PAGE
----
[box cover]

Destination Tokyo

Cary Grant may be best remembered as a leading man with a gift for comedy, but he could sell a straight face when necessary — in fact, most critics consider his finest role to be his turn as the American agent Devlin in Alfred Hitchcock's Notorious (1947), a character so shrouded in mystery that we never learn anything about him. This chameleon-like skill (one of Grant's most underrated talents) also can be seen in Destination Tokyo (1943), a wartime naval thriller with Grant's steady presence at the helm. Grant stars as U.S. Navy Capt. Cassidy, skipper of the Copperfin, one of the fleet's most advanced diesel-powered submarines. Recently promoted, Cassidy is aware that it's only a matter of time until he starts fighting the Japanese from behind a desk, making his latest assignment look to be his last at sea. With sealed orders, Cassidy and his crew depart under the Golden Gate Bridge for the open waters of the Pacific. Once clear, the captain's sealed orders are opened — the Copperfin is to rendezvous with a seaplane off the Aleutian Islands, where they will collect a naval reserve officer, Raymond (John Ridgely), who's an aerology expert. From there, they are then to reach the Japanese mainland and put Raymond ashore. Despite Cary Grant's top billing, Destination Tokyo is an ensemble piece, with a variety of actors (some well-known, some not) filling the submariners' bunks. Among them, a young John Garfield is most notable — as "Wolf," Garfield plays the city guy who's always got an angle, particularly when it comes to women, and he fills dead time telling various risqué stories that the crew doubts are true but nonetheless find fascinating. Opposite Garfield, Robert Hutton plays Tommy, a 19-year-old hayseed who may lack Wolf's worldly experience, but is still given the opportunity to win the crew's respect and prove his valor in combat. Clocking in at 2:15, Tokyo isn't all action — writer/director Delmer Dames (in his debut film) pads out his tale with several little vignettes below decks, most with a comic touch. And when there is action, it's notably impressive. Despite working with the miniatures of a bygone Hollywood, Daves achieves genuine tension in the combat sequences. He also details the workings of a WWII submarine with such accuracy that parts of this Hollywood product were adopted by the Navy for training purposes. Even without Cary Grant, who is absent from a lot of scenes, Destination Tokyo is a splendid genre piece — and with Grant, particularly when he delivers a somber "why we fight" speech to his men, it becomes something all the better. Warner's DVD release of Destination Tokyo features a solid full-frame transfer (1.33:1 OAR) from a black-and-white source-print that's in good shape — not of restoration quality, but pleasant with good granular detail. The audio is clear and intelligible on a DD 1.0 track. Supplements include "The Gem of the Ocean," a 1934 comic short starring Jeanne Aubert (21 min.), and a Cary Grant trailer gallery. Keep-case.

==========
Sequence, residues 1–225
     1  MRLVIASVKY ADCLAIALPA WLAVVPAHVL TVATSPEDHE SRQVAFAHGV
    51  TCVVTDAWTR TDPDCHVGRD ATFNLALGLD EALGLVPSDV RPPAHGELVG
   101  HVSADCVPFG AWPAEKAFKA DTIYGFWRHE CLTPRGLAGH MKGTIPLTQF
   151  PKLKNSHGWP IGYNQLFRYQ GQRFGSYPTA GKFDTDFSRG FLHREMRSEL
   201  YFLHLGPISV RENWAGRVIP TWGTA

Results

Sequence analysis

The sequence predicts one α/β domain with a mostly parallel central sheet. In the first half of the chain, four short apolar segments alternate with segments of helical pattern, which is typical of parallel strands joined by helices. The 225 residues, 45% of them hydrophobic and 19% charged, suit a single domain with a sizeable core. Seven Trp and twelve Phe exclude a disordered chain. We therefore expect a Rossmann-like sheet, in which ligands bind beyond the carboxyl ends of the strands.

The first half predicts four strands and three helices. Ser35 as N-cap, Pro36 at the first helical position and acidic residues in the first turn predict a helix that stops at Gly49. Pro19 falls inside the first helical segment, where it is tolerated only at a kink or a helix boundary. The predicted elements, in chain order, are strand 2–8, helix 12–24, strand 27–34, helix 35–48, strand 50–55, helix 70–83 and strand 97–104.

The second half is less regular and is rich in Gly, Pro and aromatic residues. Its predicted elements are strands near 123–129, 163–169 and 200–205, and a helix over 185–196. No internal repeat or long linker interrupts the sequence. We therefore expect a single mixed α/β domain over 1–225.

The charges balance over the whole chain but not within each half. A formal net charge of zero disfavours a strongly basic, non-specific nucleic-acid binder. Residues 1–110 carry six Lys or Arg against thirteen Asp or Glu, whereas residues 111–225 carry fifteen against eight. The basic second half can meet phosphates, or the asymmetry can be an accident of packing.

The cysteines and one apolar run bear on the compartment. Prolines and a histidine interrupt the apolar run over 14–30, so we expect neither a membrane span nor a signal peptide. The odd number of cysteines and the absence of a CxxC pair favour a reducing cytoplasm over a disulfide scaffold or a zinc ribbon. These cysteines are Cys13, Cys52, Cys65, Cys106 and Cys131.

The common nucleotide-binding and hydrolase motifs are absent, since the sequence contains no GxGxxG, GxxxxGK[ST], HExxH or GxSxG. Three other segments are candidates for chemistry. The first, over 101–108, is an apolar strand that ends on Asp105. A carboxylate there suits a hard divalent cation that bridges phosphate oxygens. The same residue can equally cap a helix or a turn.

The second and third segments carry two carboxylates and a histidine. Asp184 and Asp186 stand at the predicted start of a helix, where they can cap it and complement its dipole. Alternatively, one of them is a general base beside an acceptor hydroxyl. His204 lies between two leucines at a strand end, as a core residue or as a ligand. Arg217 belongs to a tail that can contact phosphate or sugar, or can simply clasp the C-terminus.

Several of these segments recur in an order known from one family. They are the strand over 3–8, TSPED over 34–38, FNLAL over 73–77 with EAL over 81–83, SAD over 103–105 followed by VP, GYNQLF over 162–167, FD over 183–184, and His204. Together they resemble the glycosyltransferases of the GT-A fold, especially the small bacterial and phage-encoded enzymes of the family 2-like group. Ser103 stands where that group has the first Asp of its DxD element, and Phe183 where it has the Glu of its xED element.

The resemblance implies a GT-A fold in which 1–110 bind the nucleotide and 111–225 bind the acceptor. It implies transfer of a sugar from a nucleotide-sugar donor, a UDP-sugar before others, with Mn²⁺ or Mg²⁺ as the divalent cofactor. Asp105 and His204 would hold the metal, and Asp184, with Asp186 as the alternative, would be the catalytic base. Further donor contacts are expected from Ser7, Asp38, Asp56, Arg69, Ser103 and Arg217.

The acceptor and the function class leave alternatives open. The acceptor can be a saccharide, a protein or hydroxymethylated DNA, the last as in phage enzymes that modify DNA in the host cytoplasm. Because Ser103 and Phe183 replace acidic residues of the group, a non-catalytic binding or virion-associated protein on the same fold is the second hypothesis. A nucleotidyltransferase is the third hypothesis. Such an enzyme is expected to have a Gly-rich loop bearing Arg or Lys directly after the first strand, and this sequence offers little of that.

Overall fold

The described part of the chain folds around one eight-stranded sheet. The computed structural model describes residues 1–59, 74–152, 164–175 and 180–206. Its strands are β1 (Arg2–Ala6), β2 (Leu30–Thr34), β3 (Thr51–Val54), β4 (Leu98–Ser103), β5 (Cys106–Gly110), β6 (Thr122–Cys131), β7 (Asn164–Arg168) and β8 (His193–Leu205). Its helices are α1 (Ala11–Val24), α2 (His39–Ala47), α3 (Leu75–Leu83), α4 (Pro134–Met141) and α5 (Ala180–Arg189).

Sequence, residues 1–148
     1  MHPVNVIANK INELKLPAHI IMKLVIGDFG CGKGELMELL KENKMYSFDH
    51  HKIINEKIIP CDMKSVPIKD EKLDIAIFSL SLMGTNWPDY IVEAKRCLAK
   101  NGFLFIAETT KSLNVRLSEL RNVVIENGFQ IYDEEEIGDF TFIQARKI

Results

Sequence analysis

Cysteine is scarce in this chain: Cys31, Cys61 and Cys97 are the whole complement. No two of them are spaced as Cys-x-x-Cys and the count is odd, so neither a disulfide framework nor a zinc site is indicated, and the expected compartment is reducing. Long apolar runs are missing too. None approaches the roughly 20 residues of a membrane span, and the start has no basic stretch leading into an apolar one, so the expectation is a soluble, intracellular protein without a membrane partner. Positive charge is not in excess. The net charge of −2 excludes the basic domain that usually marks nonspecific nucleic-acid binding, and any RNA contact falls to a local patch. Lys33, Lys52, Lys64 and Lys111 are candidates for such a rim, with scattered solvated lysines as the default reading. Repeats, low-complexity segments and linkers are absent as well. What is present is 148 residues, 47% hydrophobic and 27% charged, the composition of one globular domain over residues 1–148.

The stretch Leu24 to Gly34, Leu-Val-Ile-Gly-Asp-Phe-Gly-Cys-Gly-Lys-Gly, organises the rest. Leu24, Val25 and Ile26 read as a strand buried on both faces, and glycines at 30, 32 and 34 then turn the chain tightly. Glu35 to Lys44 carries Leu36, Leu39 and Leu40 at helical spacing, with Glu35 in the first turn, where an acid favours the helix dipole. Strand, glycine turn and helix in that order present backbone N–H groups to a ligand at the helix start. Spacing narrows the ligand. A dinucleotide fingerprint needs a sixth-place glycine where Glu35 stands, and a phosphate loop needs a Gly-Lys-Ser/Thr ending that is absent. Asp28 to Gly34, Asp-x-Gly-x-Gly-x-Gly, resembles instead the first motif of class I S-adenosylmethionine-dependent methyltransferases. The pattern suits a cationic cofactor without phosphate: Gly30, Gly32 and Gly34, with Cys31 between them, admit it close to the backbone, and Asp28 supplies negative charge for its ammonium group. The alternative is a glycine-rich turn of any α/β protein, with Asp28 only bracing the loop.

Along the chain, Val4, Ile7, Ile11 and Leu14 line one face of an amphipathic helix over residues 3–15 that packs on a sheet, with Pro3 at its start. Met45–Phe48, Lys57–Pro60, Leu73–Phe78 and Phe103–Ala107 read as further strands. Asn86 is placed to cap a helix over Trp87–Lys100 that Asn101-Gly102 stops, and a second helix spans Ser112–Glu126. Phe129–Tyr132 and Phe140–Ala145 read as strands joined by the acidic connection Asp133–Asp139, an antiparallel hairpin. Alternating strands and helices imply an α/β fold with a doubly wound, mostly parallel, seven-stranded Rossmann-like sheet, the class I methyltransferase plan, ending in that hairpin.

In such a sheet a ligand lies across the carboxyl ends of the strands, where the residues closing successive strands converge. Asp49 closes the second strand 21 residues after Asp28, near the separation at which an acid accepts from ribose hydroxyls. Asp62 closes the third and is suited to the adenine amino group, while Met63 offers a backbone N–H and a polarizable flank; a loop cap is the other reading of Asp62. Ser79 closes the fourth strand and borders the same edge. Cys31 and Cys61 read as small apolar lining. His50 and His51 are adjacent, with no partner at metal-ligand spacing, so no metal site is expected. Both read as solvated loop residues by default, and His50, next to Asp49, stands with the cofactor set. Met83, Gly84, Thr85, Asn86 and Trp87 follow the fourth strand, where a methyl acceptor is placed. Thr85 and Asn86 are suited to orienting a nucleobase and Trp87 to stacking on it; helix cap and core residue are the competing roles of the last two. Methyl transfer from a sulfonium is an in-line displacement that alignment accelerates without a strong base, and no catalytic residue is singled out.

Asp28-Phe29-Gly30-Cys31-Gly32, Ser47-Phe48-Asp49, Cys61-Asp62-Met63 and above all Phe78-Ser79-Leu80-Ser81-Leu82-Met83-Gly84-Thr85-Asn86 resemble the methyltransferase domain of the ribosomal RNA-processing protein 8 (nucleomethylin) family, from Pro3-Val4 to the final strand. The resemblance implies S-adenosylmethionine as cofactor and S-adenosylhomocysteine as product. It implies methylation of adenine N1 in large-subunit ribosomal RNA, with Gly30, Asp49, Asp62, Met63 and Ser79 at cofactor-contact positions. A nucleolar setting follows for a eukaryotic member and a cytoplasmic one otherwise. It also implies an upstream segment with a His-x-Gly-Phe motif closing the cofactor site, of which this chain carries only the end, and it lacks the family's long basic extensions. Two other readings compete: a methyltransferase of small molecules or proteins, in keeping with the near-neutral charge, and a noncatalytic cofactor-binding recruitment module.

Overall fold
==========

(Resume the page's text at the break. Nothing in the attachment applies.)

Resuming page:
—JJB



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